“That’s a loaded question,” Las Vegas GM Mike Mayock said. “That’s a tough question.” But a fair one, after he acknowledged that while every team in the NFL is chasing the high-powered Super Bowl champs, the Raiders have the unenviable task of facing them twice a season. Picking the fastest guy in the draft in wide receiver Henry Ruggs III, the most versatile in the draft in Lynn Bowden Jr. and a ball-hawk slot corner in Amik Robertson are steps in that direction. — Paul Gutierrez
Who will play left tackle?
The Chargers filled several position needs through the draft but must still determine who will play left tackle as they did not select a tackle with any of their six picks. “I’m comfortable with what we have,” coach Anthony Lynn said after the draft. But after trading Russell Okung to the Panthers, it’s unclear if Trey Pipkins or Sam Tevi will be able to step up. — Lindsey Thiry
What’s next for the Cowboys’ pass rush?
If the question can’t be about when quarterback Dak Prescott will sign a multiyear contract, it has to be about the pass rush. It was an issue before the draft, and the Cowboys did not address the spot until taking Bradlee Anae in the fifth round. Though Anae had 13 sacks in Utah in 2019, it’s not realistic to ask a Day 3 pick to be an influence. Yes, Aldon Smith and Randy Gregory could be reinstated, but Smith has not played since 2015 and Gregory has played 16 games in the past four years. Cowboys VP Stephen Jones said the team has reached out to the agents for some veteran players, but he did not specify the position. Finding a backup offensive tackle and perhaps a safety also could be options, but the pass rush is more pressing. — Todd Archer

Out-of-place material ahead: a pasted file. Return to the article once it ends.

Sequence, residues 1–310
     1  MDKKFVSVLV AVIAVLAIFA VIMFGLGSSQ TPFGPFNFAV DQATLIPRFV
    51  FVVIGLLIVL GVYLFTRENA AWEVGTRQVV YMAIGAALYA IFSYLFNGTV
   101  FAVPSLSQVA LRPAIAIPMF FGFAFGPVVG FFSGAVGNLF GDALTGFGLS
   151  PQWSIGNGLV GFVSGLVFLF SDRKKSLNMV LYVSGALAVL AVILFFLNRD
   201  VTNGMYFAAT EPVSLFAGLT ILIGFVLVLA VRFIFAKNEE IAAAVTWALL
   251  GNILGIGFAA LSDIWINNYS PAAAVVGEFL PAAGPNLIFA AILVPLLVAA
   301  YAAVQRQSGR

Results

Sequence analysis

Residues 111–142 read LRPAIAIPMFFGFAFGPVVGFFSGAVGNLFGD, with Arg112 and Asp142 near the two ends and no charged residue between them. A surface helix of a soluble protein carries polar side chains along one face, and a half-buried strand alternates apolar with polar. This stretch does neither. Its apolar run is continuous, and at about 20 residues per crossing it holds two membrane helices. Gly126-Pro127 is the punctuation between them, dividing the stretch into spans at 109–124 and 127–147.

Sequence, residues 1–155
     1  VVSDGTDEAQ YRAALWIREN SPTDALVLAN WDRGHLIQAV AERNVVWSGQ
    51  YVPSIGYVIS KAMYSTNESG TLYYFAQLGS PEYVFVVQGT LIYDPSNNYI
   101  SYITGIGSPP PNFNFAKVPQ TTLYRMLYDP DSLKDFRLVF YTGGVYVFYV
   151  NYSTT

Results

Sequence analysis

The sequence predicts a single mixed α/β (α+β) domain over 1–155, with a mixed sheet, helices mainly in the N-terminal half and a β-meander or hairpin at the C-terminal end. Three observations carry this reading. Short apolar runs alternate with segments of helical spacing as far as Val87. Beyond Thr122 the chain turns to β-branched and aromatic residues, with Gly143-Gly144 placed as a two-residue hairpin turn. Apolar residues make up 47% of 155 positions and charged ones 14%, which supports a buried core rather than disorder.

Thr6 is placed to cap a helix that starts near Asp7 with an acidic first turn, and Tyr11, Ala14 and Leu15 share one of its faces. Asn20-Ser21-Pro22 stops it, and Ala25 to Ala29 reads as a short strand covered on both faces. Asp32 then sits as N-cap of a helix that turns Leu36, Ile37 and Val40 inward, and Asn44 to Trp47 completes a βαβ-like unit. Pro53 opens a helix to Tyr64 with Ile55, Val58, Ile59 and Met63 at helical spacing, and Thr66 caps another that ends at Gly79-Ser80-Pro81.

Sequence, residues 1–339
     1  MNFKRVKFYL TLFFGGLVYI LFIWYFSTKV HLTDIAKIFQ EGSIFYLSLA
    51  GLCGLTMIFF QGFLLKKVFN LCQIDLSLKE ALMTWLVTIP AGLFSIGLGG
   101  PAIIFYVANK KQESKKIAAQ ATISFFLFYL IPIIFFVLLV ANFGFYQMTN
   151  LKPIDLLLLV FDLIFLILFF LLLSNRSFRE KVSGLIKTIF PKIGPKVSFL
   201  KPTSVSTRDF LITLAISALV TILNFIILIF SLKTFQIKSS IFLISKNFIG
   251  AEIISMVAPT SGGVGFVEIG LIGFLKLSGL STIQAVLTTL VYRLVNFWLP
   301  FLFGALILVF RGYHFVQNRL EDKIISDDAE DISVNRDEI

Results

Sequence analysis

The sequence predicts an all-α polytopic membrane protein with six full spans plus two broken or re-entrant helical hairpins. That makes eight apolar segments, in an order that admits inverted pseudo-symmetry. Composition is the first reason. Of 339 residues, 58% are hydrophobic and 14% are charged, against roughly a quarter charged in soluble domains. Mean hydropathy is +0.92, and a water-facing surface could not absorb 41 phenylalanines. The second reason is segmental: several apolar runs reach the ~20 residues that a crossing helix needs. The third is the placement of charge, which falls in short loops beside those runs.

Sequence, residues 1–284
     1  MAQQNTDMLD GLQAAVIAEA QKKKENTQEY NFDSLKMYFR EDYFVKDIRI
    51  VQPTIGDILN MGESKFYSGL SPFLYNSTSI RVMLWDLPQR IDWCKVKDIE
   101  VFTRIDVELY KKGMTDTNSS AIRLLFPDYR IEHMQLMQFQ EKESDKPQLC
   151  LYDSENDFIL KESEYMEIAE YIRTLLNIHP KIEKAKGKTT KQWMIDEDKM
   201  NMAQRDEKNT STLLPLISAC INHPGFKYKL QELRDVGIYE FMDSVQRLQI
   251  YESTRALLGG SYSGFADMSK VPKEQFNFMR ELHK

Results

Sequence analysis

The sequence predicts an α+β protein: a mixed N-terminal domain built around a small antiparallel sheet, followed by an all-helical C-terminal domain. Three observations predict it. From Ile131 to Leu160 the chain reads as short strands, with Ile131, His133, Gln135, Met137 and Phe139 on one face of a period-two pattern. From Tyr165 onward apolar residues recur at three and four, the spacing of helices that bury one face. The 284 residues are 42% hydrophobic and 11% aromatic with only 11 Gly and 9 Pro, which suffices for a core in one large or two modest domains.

Will the Giants sign Markus Golden or Jadeveon Clowney?